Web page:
The Dogma of Vocal Pedagogy

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One of the most fascinating aspects of vocal pedagogy is the process of interpreting the oldest writings on the art form.

We all interpret these older writings based on our own experience and current understanding of the singing voice.

Vocal Pedagogy can resemble tenets of a religion: adopted beliefs are shared amongst a group, reinforced by strict attention to those same tenets, and preserved by repetition and mechanization. Any variance against the established pedagogical ‘rules’ makes someone a “vocal heretic.” And we all know what happens to heretics that flout the rules and regulations.

Outliers in vocal pedagogy are looked upon with suspicion because they do not carry the banner of the One True Faith: “It’s all in the breath,””It’s a question of the nose,””You must modify your vowels in the passaggio,””Some voices just can’t sing coloratura,””Classical singing requires more breath than other styles of singing.”

When I chat with teachers about the historical writings on singing, I often hear “Well, those texts were very confusing to read, and are very unclear. It’s hard to really understand them or interpret them.”

I think that this is very true.

I struggled with understanding them as well, and found them merely interesting as historical documents and not really applicable to MY teaching or my own singing.

But then I lost my voice.

And I wanted answers.

Where did all of our pedagogical ideas come from? Were there trends of vocal behavior? What were they? How were the greatest voices trained? How were they preserved?

Like someone that moves away from religious thinking or political affiliation, I had to question EVERYTHING that I had been TRAINED (breath and resonance dominance). I had to re-examine my training in the light of historical training, and what can be VERIFIED by science in light of a functional reality. Anything could be true, and anything could be false. Pedagogical agnosticism.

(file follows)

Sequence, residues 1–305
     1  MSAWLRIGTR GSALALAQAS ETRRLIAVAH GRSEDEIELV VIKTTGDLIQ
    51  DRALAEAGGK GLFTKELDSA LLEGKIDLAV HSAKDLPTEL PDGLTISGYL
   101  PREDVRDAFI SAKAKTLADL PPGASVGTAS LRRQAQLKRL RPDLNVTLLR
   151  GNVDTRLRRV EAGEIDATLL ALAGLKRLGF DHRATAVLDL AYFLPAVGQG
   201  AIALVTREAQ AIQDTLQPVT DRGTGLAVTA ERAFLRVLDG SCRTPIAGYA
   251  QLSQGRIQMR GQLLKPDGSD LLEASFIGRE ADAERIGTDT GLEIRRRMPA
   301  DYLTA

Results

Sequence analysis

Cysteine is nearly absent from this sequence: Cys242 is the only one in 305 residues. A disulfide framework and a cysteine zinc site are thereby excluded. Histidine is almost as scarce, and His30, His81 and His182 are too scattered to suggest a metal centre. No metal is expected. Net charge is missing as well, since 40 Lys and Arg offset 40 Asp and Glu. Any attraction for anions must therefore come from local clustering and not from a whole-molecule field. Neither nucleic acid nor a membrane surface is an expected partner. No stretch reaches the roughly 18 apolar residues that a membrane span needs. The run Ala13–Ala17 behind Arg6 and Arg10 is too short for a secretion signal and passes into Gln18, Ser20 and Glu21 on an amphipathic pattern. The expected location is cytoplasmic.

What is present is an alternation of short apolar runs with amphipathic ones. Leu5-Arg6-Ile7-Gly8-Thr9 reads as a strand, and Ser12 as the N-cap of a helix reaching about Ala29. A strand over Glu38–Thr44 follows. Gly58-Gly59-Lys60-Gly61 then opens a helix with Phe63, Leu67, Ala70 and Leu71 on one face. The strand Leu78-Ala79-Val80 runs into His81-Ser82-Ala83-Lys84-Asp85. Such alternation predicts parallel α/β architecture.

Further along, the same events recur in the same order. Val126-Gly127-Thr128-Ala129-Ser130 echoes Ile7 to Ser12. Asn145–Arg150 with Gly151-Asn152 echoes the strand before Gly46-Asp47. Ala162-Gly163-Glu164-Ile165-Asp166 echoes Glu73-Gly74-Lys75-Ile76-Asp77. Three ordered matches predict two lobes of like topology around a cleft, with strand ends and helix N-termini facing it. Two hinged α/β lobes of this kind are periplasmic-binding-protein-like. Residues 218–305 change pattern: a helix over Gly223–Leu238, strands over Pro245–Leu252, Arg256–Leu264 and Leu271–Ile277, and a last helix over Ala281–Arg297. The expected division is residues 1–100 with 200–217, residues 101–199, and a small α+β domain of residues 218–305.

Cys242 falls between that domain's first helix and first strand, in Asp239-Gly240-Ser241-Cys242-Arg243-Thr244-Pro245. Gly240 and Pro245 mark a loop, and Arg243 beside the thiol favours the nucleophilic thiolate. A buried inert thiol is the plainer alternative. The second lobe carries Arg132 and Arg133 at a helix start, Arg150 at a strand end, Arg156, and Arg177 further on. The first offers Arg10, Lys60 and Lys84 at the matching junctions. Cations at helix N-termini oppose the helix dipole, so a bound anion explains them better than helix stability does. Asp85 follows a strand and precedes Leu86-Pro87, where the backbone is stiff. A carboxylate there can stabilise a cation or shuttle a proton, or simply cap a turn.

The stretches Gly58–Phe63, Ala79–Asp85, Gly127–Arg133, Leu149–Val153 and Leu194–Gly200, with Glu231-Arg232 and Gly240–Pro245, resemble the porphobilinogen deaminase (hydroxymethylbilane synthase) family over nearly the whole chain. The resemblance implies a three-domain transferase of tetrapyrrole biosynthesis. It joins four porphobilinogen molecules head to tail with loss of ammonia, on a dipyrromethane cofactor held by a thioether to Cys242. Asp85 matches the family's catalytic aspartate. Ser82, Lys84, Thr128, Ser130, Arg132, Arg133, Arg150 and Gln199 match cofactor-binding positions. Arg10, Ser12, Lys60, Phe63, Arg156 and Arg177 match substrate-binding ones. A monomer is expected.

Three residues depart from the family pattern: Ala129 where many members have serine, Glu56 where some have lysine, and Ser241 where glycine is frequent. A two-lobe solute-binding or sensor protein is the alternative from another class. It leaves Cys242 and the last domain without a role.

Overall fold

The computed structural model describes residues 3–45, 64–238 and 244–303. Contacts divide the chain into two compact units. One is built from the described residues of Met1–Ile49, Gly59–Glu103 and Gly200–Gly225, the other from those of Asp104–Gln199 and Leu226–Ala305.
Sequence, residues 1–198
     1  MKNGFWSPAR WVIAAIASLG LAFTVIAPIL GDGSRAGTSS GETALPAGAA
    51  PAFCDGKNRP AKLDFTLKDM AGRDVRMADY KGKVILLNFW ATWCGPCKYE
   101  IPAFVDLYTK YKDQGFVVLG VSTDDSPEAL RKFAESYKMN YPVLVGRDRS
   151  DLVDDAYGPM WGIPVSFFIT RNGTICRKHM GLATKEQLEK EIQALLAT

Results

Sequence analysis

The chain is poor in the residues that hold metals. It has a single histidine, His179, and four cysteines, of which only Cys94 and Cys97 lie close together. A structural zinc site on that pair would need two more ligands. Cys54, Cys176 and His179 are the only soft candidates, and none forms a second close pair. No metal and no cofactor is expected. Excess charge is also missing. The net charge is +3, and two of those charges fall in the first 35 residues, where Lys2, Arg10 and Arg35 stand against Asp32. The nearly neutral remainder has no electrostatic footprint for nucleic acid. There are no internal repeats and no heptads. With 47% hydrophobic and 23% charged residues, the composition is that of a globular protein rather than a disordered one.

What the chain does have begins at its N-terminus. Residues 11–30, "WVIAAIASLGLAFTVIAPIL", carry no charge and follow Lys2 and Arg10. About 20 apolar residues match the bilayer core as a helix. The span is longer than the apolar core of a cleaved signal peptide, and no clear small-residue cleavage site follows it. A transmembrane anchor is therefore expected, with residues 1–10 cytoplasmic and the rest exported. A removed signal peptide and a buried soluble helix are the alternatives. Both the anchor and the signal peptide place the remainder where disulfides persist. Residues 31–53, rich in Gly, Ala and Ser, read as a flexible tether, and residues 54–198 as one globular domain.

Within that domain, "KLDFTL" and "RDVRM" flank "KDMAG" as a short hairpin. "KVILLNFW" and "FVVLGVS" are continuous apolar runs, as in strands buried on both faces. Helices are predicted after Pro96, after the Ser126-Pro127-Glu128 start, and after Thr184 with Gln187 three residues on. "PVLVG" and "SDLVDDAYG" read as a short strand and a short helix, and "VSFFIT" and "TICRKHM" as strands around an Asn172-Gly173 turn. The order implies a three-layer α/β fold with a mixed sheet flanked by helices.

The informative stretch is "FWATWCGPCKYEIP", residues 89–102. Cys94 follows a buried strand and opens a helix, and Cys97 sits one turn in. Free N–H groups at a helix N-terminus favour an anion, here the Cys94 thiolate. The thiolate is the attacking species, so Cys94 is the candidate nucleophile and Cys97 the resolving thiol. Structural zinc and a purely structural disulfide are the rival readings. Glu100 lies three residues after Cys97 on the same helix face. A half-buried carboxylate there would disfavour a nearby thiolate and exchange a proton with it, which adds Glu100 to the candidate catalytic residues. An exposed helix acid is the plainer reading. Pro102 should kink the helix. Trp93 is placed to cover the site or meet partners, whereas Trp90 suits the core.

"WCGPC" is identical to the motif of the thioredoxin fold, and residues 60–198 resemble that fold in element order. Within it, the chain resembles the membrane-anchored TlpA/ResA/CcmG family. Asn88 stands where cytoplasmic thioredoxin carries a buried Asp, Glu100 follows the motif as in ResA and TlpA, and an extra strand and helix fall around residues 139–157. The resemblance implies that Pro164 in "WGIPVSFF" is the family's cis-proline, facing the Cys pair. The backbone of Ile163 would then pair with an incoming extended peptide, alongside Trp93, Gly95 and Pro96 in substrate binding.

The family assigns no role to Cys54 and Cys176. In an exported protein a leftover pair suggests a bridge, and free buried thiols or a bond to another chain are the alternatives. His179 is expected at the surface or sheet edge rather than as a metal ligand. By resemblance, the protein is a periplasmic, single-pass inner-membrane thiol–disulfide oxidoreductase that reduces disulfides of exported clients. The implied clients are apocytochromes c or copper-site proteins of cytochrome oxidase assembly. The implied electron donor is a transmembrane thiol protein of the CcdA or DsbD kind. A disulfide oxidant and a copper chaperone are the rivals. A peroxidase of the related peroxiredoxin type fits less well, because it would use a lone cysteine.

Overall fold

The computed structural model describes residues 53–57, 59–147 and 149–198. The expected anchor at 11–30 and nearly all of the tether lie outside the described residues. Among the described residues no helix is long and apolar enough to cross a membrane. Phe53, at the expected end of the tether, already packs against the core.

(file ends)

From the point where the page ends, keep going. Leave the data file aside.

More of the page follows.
(A questioning mind is dangerous territory for established dogma).

The results of this research, coupled with my own voice loss was to reject much of the modern views on voice training. I am not alone in this: the roadway is scattered with thousands of singers that have been instructed along similar lines and have come up wanting, or sing with compromised or limited instruments.

VOICE LOSS has formulated my entire worldview on singing. I have gone from a place of being able to do something well to a very high professional level, and then losing that ability totally. And I have had to rebuild my voice from nothing. I often wish that EVERY voice teacher had to lose their voice ENTIRELY. How would their pedagogy stand up under those circumstances?

What I have come to realize about the oldest writings is simply this: pursue a path that is true to Nature. What that means is a voice that is free, resonant, supple, easy to move, and has an extensive range. Anything else than this is a compromise to a ‘market’ or ‘aesthetic.’ A fully operational voice is INHERENTLY beautiful by sake of its freedom of function and movement.

What I have discovered about the old masters and functional pedagogy is that the instrument REJOICES when these concepts are introduced. When my own voice began to unlock and revitalize, do you know how I would describe it?

The voice of my childhood.

That is the kinesthetic memory that I have of singing as a young child: free, easy, joyful, fun. The positive sensations infused my psyche with joy, happiness, and love for singing. The openness and frankness of what singing felt like when I was younger, and wasn’t ‘thinking’ about it. The responses were organic, free, and easy.

When we interpret the old writings on singing, or any text, personal bias comes into play. My biases before voice loss and after voice loss have changed. I interpret these older texts differently now, and value them MORE. Hence this blog.

My aim is to share the wisdom of these great teachers and writers with you, so that perhaps you, too, might re-examine your own biases, and entertain the idea of a more organic way of working with the voice. Just because a dogma is established by a large group of people, does not necessarily mean that the belief is TRUE.

Question your beliefs.

You might just find your own literal and figurative voice.

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